Supplies and Materials

The finished invite makes a 3.5” x 5” passport, 12 inside pages plus the cover (inside and out). The total cost came to $4.30 per passport invite and RSVP boarding pass. This price includes all supplies and tools, printing, cutting, the cost of the envelopes and address labels, but does not include the cost of postage. Here are the supplies we used to make 60 invites:

*NOTE* If you are having your invites professionally printed, we highly recommend going to your local print shop to look at their paper options. This will ensure compatibility with their printers and will make the whole process much simpler. If they make a printing mistake, they can simply restock themselves instead of you having to order more or run back and forth between the store and the print shop. It will likely save you money and certainly time, by not having to order more than you need or having to order paper twice!

Our Paper Recommendations


Aspire (Brand) Petallics (Line) Autumn Hay (Color) Linen (Texture) 98lb COVER Weight (Thickness)

Inside Text:

For plain text: Neenah (Brand) Natural (Color) 80lb TEXT Weight (Thickness)
For metallic text: Curious (Brand) White Gold Metallic (Color) 80lb TEXT Weight(Thickness)

Cost Breakdown

8.5×11 Aspire Petallics Linen Autumn Hay – 30 @ $.37/sheet – $11.10 (Local paper store)
1/4″ Corner rounder from Michaels (for passport corners) – $6.42 (40% off coupon)
1/2″ Corner rounder from Michaels (for boarding pass corners – optional) – $6.42 (40% off coupon)
1/16” Hole punch from Michaels – $3.29 (40% off coupon)
(Optional) Martha Stewart Scoring Board – $11.99 (40% off coupon) You can pay the print shop to score the covers for you for only a few bucks.
Hemp Cord 10yds/Natural from JoAnns – 2 @ $1.29 each – $2.58 ***Wax cotton cord works better than hemp! It is braided and coated so it doesn’t fray as easily. See assembly pictures below.
Clear Plastic Envelopes A7 (5.25×7.25) *Found online only – Qty 75 – $8.25 (15 left-over) here’s a link to better envelopes on Etsy
Clear Address Labels (Avery Standard, 30 per sheet) from Office Max – 6 @ $.50 each – $3.00
8.5×11 80lb Text Weight “Natural White” paper (for inside content pages) – (INCLUDED IN PRINTING PRICE, SEE BELOW)
8.5×11 100lb Cover Weight White Cardstock (for RSVP Boarding Passes) – (INCLUDED IN PRINTING PRICE, SEE BELOW)

Total Spent on Supplies – $53.05

This is the Wax Cotton Cord (also sold at Michael’s) that we recommend using instead of hemp, as it does not fray as easily (and looks nicer too!)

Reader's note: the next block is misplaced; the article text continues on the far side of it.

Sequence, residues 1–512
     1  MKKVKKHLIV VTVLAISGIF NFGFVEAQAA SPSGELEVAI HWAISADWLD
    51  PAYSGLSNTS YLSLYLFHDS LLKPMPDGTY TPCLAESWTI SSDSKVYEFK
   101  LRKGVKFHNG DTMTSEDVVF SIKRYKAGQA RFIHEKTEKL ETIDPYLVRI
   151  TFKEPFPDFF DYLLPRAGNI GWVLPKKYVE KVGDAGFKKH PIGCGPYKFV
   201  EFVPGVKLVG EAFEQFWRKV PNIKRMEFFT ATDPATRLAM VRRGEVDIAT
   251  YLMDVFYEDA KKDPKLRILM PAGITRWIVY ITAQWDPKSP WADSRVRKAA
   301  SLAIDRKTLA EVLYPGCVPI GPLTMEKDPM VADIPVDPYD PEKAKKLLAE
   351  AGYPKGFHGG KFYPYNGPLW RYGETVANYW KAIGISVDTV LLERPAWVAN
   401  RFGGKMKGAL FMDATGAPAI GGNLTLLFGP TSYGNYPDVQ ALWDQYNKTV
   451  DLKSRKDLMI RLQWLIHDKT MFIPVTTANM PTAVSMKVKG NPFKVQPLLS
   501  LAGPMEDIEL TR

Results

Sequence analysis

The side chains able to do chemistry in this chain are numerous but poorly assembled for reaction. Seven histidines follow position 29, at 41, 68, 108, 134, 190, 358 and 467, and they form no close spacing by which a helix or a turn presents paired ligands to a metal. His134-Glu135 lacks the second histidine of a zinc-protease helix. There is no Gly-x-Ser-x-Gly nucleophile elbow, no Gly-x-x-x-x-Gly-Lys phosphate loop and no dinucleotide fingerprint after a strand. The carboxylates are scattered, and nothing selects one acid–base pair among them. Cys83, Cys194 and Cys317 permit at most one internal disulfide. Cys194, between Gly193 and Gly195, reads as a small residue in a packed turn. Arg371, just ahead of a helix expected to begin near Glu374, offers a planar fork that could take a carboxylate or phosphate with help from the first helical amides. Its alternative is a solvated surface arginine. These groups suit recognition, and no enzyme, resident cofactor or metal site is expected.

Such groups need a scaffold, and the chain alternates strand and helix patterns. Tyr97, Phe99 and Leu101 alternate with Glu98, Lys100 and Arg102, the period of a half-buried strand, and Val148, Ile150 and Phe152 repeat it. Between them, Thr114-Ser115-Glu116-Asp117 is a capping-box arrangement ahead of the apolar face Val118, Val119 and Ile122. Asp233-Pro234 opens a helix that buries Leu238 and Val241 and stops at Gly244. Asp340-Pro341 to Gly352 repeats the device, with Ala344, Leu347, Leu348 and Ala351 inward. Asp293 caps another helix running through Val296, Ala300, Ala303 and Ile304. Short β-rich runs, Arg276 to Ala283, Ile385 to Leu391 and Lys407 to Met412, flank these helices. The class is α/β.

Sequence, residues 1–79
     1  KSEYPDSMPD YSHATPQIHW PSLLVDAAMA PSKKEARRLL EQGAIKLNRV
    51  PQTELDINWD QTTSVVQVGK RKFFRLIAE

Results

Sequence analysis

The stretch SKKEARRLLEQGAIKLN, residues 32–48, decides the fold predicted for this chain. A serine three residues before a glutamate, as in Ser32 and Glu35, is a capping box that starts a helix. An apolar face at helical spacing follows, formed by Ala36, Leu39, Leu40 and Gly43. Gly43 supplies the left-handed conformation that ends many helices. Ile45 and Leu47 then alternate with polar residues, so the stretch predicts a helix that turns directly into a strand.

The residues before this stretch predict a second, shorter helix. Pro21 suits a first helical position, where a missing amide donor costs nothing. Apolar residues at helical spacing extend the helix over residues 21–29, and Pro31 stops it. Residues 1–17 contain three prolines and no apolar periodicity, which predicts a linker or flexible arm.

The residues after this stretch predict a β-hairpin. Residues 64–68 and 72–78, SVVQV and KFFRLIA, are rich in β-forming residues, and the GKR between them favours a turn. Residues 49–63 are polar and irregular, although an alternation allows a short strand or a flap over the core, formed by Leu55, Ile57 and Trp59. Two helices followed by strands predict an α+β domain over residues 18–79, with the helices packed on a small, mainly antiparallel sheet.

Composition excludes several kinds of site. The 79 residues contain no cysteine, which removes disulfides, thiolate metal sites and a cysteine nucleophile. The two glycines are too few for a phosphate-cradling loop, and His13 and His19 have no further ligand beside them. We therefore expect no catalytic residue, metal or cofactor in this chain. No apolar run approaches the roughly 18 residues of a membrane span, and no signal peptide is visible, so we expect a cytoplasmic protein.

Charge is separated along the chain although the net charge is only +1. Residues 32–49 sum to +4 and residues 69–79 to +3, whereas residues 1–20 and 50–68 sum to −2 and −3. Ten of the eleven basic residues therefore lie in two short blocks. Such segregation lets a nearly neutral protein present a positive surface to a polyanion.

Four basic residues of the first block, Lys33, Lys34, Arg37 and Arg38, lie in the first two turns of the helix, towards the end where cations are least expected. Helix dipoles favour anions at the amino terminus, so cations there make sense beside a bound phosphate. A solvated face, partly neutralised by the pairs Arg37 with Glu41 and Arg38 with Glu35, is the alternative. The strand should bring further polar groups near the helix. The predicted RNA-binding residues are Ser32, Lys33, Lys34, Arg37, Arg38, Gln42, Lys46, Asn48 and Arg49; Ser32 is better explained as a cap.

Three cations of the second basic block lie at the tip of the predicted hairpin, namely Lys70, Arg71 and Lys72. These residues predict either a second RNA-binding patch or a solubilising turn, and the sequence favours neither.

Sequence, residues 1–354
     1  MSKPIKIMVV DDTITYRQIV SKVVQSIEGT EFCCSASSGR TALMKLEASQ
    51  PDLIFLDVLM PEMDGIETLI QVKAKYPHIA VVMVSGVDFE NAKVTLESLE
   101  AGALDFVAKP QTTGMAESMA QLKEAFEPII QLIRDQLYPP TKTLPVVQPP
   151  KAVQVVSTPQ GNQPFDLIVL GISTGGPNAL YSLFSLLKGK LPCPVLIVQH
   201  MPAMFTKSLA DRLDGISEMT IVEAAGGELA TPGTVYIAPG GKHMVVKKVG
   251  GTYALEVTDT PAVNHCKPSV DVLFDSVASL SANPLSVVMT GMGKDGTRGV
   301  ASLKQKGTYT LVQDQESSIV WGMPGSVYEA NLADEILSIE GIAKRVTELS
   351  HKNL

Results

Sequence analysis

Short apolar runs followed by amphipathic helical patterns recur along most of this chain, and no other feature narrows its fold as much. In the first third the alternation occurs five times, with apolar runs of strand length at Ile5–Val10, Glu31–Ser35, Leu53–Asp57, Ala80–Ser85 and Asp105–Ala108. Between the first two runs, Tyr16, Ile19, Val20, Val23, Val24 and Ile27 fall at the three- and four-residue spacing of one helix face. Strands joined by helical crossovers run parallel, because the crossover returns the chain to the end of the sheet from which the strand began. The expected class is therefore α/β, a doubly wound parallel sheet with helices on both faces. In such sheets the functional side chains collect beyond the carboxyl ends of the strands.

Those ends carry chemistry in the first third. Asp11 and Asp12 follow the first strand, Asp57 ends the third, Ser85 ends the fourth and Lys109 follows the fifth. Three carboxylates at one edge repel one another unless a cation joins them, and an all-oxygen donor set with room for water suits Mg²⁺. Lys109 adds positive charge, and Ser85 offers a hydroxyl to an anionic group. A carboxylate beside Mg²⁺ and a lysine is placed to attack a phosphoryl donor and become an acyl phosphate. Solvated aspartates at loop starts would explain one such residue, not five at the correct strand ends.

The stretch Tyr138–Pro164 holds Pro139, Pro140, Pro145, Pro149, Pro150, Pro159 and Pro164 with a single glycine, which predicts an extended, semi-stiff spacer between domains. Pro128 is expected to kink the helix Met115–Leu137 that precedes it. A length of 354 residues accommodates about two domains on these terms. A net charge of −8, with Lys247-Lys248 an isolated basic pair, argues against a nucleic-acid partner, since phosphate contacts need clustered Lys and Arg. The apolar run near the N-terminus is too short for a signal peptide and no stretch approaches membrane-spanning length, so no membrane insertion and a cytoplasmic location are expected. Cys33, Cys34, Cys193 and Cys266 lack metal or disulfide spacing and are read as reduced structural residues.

Printing was definitely an issue for our original invites. The paper that we choose for our cover was from a scrap book store, and was too textured on one the outside. We went to FedEx Office and OfficeMax but their printers were just not able to handle that paper, and the test prints would leave “pockets” of toner that would not transfer to the paper. After a few wasted sheets of paper and a couple trips to the “copy shops”, we decided to explore our other options. A simple google search for local print shops in the area and we were headed (just down the road) to InstyPrints – a professional print and graphics shop. Check your local listings- you’ll be surprised at how many are in your area!

The project is divided into three separate print files; one for the cover page (inside and outside), the second for the inside “text pages”, and a third for the RSVP boarding passes. The following is a semi-confusing price breakdown of the three print jobs. We also highly recommend having a professional make the cuts for the passport pages. Our print shop had a hydraulic press that held multiple sheets together and cut the pages to perfection. Of course, you pay for it, but it saved us time and stress over cutting them ourselves with a cheap straight-line. Also consider the loss of materials if you screw a few up, you may end up having to print more, costing you the extra $$$ anyway!

Cost Breakdown

Cover-Digital Color-Front & Back-30 sheets (2-up per sheet) – $55
Inside Pages-Digital Color-Front & Back-90 Sheets (2-up per sheet) – $103* *Includes the price of the 90 sheets of 70lb Text Weight “Natural White” paper.
Bleed Cuts-Heavy-Cover-4 cuts – $10
Bleed Cuts-Heavy-Inside Pages-4 cuts – $10
Bleed Cut-Heavy-60 folded passports – $10 (Completed only after the passports were assembled and brought back for this final “booklet cut”.
The cost for the RSVP boarding passes was not done at this print shop, as this was a much simpler project than the passports. (single-sided*, color, 20 pages plain white 100lb cardstock*, perforated, self-cut). Head over to FedEx Office/OfficeMax for this print job! – $17
*We now print the boarding passes on both sides! That way your mailing address is already on the back! No need to print another label! Also, we now suggest using white-gold metallic cardstock for your boarding passes. It definitely adds a nice touch. Check out your print shop for options they carry!

Total cost of all printing and cutting services – $205